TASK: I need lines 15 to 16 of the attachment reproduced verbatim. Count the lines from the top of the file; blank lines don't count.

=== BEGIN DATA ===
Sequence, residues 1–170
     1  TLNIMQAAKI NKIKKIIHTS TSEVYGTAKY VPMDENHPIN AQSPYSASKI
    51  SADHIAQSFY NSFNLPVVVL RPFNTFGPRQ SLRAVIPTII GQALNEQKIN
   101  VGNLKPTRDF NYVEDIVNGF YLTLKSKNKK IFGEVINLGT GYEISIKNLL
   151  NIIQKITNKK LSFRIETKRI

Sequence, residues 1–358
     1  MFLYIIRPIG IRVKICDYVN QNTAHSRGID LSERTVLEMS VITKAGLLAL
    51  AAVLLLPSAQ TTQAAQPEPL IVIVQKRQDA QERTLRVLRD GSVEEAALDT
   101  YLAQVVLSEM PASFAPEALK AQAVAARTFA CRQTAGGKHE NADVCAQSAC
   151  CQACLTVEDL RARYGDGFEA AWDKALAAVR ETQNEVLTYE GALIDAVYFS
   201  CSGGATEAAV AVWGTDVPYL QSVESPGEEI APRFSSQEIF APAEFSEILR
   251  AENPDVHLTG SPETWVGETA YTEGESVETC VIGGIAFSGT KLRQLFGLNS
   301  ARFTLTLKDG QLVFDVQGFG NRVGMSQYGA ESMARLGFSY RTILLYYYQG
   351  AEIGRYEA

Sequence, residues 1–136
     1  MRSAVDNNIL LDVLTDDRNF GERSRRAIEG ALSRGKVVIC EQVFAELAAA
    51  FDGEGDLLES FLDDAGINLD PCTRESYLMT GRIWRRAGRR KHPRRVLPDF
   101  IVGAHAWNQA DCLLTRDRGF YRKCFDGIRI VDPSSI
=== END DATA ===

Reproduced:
Sequence, residues 1–136
     1  MRSAVDNNIL LDVLTDDRNF GERSRRAIEG ALSRGKVVIC EQVFAELAAA